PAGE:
DMINLGP

DMin, Leadership and Global Perspectives: Crafting Ministry in an Interconnected World

A Social History of the Media: Reflections from the Kenyan Context

Written by: on November 15, 2012

This week the first railway line was opened by the president of Kenya. The last railway line was built in the 1930s.  The new railway line has been built for commuters from the city center in Nairobi to the main international airport, 30km away. As I read the chapters on new processes and patterns, on the media that was developed in the west in the 20th century such as locomotives, I realize that these are still very new and recent media in my context as ships, mail, telegraph, radio and camera. They were introduced by the colonialist as the divided and ruled the colonies in Africa. The missionaries are the ones who made these new media assessable for the local native people. They used them to preach the gospel and at the institutions of learning that they established. Those who become Christian found incentives with access to these new fascinating ways of communicating. The media was meant for education of the natives and provide information as the missionaries continued with their work. Entertainment especially among first converts to Christianity was discouraged. Guitars and drums were discouraged from the church or the home. The piano was the only ‘sanctified’ media to be used in church and the ‘loud speaker’ outside of the church for evangelism.

These debates of appropriate media in the church were a divisive issues even the 1980s. As media increased with new establishment of churches outside of the colonial/mainline churches, new media was used in churches with new younger leaders who were not corrupted by the narrow view of founding African church leaders. I cannot put blame on them; information was not as accessible as it is today. There was not much research done to understand the power and role of media in society and the church.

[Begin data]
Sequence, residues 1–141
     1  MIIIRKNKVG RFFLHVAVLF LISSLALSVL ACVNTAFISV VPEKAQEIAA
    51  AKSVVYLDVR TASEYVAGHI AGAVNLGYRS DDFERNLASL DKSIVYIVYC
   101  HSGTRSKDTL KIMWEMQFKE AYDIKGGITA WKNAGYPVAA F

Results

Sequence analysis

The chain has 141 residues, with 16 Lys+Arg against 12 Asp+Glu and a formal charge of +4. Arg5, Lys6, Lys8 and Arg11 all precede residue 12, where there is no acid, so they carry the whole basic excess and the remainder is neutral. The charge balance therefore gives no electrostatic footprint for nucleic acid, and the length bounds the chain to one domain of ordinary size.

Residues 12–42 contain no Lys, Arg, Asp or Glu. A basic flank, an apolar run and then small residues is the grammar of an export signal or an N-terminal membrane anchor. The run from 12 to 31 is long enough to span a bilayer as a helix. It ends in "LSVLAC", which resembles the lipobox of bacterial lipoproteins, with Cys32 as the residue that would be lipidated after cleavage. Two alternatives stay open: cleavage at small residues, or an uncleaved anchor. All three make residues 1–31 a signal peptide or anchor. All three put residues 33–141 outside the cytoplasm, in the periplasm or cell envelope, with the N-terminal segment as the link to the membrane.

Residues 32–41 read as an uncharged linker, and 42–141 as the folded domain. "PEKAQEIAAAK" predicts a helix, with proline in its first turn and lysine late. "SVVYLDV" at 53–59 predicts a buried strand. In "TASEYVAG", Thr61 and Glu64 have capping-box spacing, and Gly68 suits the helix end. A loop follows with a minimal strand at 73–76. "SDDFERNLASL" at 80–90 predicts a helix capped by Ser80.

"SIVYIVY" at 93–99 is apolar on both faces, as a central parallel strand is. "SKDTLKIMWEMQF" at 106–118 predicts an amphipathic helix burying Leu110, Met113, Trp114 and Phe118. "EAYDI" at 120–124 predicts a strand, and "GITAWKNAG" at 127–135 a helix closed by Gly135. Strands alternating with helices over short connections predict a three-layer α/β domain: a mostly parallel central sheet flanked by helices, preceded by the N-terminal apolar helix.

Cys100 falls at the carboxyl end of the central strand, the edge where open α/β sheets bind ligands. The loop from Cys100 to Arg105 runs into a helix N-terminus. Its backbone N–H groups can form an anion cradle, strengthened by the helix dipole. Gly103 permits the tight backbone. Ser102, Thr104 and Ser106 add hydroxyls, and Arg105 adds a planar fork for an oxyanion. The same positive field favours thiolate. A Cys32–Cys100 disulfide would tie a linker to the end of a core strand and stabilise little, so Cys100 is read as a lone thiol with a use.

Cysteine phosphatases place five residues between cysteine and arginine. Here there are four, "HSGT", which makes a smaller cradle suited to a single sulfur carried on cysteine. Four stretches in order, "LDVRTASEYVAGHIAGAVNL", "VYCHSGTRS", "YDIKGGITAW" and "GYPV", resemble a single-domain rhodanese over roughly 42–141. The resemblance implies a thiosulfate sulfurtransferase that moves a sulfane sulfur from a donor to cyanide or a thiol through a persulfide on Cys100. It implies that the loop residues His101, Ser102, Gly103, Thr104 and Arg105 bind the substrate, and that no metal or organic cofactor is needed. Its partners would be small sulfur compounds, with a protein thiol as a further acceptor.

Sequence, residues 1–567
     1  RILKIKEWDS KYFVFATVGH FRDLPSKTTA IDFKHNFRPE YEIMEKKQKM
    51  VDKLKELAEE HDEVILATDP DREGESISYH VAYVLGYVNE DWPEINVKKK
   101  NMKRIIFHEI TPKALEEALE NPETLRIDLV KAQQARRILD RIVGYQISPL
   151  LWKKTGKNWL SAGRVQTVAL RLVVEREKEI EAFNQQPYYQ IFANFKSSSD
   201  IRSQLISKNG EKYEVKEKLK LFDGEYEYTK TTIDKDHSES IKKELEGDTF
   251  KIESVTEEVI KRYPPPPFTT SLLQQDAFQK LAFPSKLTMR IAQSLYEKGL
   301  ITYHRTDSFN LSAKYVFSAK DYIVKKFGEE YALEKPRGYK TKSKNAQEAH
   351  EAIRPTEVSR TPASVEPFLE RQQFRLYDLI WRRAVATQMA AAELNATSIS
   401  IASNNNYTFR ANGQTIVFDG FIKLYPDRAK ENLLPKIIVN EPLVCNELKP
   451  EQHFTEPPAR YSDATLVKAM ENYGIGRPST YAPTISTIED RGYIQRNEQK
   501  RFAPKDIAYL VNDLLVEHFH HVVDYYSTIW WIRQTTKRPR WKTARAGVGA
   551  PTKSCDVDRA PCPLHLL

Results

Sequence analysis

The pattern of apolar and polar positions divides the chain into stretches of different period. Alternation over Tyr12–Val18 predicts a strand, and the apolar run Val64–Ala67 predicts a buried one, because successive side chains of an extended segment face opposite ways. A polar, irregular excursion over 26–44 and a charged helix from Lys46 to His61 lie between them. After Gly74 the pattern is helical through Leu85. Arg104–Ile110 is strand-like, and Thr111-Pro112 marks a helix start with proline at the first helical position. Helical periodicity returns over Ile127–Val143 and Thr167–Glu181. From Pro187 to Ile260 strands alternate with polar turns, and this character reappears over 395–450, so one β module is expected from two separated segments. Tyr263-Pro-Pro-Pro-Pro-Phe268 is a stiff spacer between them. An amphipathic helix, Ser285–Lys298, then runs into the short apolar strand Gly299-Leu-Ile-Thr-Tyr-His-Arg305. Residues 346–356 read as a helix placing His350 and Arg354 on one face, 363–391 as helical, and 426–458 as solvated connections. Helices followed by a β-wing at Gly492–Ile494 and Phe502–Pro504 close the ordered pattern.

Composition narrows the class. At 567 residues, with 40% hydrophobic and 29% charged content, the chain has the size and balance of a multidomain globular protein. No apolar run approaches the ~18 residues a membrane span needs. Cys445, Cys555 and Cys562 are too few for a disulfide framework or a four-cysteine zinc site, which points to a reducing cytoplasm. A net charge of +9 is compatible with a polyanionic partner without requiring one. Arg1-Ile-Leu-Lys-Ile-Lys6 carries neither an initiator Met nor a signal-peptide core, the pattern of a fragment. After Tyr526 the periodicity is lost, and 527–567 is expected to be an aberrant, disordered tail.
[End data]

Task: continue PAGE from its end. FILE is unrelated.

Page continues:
Computers are still inaccessible to many people in the society I live in. During the 2009 census in Kenya, data collected included information on availability of electricity and television. Questions on the accessibility of computers and internet were not asked, they would be negligible. Kenya, like many African countries are struggling with feeding it citizens, lack of good accessible health care and education and enquiring about access to new technology will not be at the fore front of the priority of many institutions, including the church. Few urban churches are streaming the Sunday services. This is not the norm though. There is not much choice of information. Indeed there is much misinformation due to the dominance and control of the government in regulating media content. The radio has become the source of information. During the Rwanda genocide of 1994, the radio was used to transmit messages of hate and to inform the militia groups on the process of the genocide. The radio too was used to announce the end of the war and keep the people informed on the progress of reconciliation.

Kenya does not produce any media technology such as radios, TVs, phones. Yet it consumes a lot of the communication gadgets. It is almost a dumping ground for fake phones. The mail is still being used but it is not being utilized as the west does by integrating it with cyber-economics. The online buying systems have not taken root. The sad issue to note is that most of the rare metals used in the manufacture of media technologies are mined in Africa, yet the people whose land store such great treasures and wealth do not benefit from these rare metals. Labor laws are flouted, children are made to work in the mines are safety levels are not conducive for human labor. The toxic wastes are enormous and most of the land is left bare and barren after the mines have exhausted the minerals.

The continent of Africa has a long way before they catch up with the west. The church’s role is still not clearly defined and research of the proper use of new media for education and information is still lacking or underdeveloped. All is not lost in the interconnected global world and looking forward to Africa being a participant not a spectator in the information age.

About the Author

Joy Mindo

Leave a Reply

Your email address will not be published. Required fields are marked *